St Vincent's draws up new constitution after Sisters of Charity era ends at hospital group
A new revised constitution which "reflects the departure of the Religious Sisters of Charity from the St Vincent's Healthcare Group" has been drawn up and is awaiting official approval, it was claimed yesterday.
A spokeswoman for the St Vincent's Healthcare Group - which oversees the public and private hospitals - said the revised constitution was with the Charities Regulator.
The existing constitution, which had the ethical code of the Sisters of Charity as its guiding principle, was at the centre of controversy over whether it would conflict with practices in the new National Maternity Hospital which is to be built on the campus.
The new constitution has not yet been published and until it is made public and examined it is unlikely to fully reassure members of the public who remain sceptical about how the new arrangement will work.
A spokeswoman said: "The revised constitution is currently with the Charities Regulator for approval."
She said the order had stepped down from the board and was no longer involved in the healthcare group.
The constitution of the new company, St Vincent's Holding CLG, was sent to the Companies Registration Office for approval in the third quarter of last year.
The €300m new National Maternity Hospital, first announced five years ago, is to be built on the St Vincent's Hospital campus.
Meanwhile, it was announced yesterday that Dr Rhona Mahony, the former master of the National Maternity Hospital, is stepping down from its board.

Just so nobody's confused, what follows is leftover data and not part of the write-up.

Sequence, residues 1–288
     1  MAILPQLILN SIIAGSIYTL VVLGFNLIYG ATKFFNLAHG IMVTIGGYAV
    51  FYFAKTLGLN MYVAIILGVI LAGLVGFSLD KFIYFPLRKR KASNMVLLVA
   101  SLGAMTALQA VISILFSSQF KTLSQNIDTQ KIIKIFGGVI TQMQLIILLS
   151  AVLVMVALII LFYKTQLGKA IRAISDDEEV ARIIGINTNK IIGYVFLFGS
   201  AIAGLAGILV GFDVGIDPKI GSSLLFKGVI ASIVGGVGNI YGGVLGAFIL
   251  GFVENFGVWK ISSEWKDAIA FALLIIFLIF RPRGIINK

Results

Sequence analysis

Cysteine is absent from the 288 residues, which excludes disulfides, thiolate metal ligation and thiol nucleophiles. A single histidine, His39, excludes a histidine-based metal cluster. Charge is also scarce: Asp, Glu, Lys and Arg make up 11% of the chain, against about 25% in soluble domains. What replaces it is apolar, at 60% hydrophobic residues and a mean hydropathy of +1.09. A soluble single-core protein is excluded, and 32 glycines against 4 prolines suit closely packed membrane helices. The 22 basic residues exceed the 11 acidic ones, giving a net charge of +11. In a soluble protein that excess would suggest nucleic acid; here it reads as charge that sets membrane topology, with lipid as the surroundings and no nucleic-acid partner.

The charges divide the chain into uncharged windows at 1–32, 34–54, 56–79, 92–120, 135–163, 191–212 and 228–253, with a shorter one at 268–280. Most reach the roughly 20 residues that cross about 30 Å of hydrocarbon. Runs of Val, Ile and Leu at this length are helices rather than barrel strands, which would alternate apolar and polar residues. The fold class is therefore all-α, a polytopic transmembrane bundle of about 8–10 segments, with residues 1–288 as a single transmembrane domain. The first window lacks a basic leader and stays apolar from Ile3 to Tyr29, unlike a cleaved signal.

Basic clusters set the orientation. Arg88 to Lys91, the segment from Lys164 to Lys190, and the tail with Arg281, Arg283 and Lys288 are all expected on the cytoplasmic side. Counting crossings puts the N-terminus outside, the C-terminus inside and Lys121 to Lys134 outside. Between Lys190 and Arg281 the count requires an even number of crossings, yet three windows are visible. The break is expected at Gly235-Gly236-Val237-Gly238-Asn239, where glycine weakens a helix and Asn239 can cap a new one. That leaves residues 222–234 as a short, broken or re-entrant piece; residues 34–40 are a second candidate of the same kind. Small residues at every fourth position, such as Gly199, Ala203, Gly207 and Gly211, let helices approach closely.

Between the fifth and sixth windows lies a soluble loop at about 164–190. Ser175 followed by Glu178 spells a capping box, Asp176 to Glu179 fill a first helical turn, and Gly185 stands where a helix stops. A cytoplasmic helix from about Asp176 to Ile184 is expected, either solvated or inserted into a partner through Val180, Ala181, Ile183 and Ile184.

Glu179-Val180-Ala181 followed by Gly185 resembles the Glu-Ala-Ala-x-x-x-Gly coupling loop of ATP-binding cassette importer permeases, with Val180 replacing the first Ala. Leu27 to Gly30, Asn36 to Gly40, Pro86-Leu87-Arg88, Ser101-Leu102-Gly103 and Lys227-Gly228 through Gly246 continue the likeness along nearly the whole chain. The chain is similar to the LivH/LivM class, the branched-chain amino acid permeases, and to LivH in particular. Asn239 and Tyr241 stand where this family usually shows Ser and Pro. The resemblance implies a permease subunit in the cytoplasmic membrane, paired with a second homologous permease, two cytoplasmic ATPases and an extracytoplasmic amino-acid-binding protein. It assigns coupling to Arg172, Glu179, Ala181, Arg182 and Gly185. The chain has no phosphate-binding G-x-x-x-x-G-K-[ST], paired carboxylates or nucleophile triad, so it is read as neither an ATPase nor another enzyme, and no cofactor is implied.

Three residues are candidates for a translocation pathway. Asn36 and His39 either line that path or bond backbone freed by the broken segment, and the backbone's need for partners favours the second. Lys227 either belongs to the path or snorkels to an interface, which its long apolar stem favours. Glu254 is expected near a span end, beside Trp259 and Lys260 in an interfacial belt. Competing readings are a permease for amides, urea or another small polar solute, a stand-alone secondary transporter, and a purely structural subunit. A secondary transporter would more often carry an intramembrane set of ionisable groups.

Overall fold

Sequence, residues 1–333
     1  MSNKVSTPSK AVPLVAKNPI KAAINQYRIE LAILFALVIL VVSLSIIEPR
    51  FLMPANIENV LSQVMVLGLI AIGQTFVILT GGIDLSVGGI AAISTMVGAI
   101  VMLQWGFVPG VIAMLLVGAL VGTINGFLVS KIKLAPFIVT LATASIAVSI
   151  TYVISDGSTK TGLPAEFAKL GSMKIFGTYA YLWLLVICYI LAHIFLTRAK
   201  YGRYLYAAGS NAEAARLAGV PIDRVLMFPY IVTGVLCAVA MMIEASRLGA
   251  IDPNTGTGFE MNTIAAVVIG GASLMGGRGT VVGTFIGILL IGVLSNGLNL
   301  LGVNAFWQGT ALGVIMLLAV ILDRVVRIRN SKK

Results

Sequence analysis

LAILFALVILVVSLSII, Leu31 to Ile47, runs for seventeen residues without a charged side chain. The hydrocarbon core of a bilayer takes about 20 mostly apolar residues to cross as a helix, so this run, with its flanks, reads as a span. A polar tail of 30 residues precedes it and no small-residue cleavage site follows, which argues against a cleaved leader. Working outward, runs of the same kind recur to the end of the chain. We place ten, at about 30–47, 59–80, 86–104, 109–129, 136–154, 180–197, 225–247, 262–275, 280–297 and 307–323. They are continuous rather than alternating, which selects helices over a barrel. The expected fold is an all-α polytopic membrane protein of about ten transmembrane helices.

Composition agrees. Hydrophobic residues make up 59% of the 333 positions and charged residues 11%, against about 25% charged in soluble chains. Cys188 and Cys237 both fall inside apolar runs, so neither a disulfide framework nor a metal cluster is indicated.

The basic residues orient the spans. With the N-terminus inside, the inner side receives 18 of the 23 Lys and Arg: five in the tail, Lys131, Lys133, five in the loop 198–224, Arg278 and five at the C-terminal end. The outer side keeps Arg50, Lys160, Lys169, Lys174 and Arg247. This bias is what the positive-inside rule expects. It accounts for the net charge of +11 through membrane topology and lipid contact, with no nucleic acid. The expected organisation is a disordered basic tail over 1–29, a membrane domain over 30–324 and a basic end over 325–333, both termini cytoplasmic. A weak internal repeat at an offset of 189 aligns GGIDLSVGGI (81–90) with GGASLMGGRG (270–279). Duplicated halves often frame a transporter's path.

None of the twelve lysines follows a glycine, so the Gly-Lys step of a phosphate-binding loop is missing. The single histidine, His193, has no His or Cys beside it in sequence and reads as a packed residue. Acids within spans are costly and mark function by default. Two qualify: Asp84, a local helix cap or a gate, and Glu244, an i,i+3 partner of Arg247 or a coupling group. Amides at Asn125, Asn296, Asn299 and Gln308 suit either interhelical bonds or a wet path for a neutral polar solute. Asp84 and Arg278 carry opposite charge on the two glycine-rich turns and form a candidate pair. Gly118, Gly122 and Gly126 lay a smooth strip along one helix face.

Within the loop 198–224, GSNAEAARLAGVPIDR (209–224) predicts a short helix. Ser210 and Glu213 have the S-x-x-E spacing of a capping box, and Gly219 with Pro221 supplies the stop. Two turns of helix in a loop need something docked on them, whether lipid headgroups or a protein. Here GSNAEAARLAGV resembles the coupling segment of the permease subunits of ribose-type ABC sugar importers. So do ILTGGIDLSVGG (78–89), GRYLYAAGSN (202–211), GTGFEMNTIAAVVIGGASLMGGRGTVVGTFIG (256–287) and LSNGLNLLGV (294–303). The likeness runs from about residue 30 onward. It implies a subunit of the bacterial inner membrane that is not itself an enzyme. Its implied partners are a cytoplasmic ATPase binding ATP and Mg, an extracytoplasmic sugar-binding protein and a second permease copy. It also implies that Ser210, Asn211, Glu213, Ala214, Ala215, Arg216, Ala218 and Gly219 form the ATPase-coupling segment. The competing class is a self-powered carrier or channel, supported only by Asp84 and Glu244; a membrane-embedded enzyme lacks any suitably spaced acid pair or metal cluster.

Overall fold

She has been appointed to sit on the new board of the St Vincent's Healthcare Group. It is understood it would not be possible to sit on both boards.
Nicholas Kearns, deputy chairman of the board of the National Maternity Hospital, said yesterday that Ms Mahony had been a hugely effective advocate for the rights and the health of women and infants.
"In particular, she has worked tirelessly in the interests of Holles Street for the establishment of the new National Maternity Hospital at the St Vincent's campus," he said.
"We wish her well in her new role. She has informed us that she is stepping down from the board of the National Maternity Hospital upon her appointment to the board of the St Vincent's Hospital Group."
Dr Mahony is now the director of women's health with the Ireland East Hospital Group and remains an obstetrician at Holles Street.
In a recent response, Health Minister Simon Harris said the Department of Health continued to engage with the St Vincent's Healthcare Group and the National Maternity Hospital.
The aim is to develop a legal framework to protect the State's significant investment in the new hospital, he said.
The St Vincent's Healthcare Group has agreed in principle to provide the State with a 99-year lease of the land upon which the new maternity hospital will be built.
This will allow the State to retain ownership of the new facility.
The eventual cost of the hospital is expected to be higher than the €300m figure in light of increasing construction inflation.
Mr Harris approved the contract for the first phase development - a pharmacy and car park - last December.